It was strongly opposed by the United Naga Council (UNC) and stated that "The tribal population in Mizoram is 100% and so the legal implications of the policy are universal. In Manipur, tribal constitute 41% of the population but own 90% of the land. Hence, the policy will dilute their land rights" [6] . The Kuki Inpi also expressed that by bringing in this policy the Government is harping on forced acquisition of land using carrot and sticks policy and claimed that these policies were all in contravention with their cultural and traditional set up.

It is cleared from the statement of the UNC that the tribals are against the policy of the State Government mainly because of their desire to keep 90% of the land area of the State. An impartial, independent Land Commission can examine implication of NLUP to the tribals of Manipur and any delay in constituting the commission would adversely affect the development activities and the environment.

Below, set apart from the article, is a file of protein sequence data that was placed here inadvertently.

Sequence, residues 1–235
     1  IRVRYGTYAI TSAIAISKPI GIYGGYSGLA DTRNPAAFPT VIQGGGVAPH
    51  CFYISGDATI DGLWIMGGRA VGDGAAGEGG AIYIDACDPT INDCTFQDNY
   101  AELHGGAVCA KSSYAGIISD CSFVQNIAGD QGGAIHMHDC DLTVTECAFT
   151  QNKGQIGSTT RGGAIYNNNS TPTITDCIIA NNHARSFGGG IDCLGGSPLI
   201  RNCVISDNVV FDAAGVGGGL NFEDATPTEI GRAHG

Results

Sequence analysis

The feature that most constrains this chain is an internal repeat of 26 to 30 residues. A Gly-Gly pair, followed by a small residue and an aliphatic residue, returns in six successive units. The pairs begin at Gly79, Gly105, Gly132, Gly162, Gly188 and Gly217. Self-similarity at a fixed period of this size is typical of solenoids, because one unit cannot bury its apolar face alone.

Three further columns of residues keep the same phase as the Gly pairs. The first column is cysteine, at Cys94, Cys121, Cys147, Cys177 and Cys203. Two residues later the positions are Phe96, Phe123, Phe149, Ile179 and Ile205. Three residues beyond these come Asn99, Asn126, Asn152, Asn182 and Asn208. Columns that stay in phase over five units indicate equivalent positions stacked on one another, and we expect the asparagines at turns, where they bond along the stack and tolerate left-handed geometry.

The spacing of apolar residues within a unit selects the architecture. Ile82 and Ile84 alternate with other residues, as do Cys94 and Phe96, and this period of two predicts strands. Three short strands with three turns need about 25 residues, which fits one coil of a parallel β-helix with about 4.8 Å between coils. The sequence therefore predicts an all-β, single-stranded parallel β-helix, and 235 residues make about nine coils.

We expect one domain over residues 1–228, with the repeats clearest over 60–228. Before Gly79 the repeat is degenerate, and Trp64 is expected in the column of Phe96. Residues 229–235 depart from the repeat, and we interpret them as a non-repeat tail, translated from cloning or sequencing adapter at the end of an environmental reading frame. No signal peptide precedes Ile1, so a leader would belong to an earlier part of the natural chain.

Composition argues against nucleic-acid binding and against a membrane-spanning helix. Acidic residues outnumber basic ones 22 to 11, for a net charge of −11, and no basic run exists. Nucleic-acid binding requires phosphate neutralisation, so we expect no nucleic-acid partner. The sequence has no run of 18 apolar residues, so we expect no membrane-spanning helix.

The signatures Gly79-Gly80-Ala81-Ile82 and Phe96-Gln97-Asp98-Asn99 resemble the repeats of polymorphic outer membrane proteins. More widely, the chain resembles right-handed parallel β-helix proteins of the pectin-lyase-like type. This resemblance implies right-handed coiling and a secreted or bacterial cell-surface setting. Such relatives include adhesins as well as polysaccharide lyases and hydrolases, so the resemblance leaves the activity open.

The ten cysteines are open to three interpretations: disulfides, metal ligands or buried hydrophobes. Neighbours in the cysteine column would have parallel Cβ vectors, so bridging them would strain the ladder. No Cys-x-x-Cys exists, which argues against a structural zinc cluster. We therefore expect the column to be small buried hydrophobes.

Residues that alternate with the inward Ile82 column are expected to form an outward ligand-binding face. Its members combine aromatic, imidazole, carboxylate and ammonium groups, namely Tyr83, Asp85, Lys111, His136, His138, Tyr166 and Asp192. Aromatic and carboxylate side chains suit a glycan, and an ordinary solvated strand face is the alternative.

Autonomous District Council (ADC) and Inclusion in the Sixth Schedule.

The Manipur (Hill Areas) District Council Act was passed by the Parliament in 1971; and amended by the State in 2000, 2006 and 2008. The ADCs of Manipur don't have the legislative and judicial powers like the councils under the Sixth Schedule. The ADCs are not authorized to raise resources on its own. No separate budget has been allotted to the ADC and completely dependent on the State Government for their survival.

The Hill Area Committee (HAC) of Manipur passed a resolution in 1974 recommending the replacement of the District Council by the Sixth Schedule and re-affirmed its resolution in 1983, 1990 and 2002. The State cabinet recommended to the Central Government in 1991, 1992 and 2001. The Government of India (GoI) has notified the Manipur State Government to furnish details of the "local adjustments" and "amendments" required for inclusion in the Sixth Schedule.

Local adjustments and amendments are essential for the survival and the preservation of cultural identities all the ethnic groups in Manipur; and it would be impossible if 90% of the geographical areas of the State are placed under the administrative control of the Sixth Schedule without any local adjustments.

It would be naïve to expect that the tribals would accept any "local adjustments" and "amendments" recommended by the State Government in view of the claim for the entire hill districts. In order to resolve highly intricate, important and urgent issue, it would be prudent for an impartial Land Commission to examine the "local adjustments" and "amendments" for inclusion in the Sixth Schedule.

Inclusion of Meitei/Meetei in the ST List.